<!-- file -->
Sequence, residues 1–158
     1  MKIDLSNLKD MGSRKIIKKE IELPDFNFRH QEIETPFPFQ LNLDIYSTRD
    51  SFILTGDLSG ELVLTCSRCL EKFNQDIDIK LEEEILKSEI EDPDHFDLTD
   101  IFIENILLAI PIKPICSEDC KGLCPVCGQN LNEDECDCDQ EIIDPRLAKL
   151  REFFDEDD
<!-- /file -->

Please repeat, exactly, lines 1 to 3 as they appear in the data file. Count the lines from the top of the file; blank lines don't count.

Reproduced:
Sequence, residues 1–158
     1  MKIDLSNLKD MGSRKIIKKE IELPDFNFRH QEIETPFPFQ LNLDIYSTRD
    51  SFILTGDLSG ELVLTCSRCL EKFNQDIDIK LEEEILKSEI EDPDHFDLTD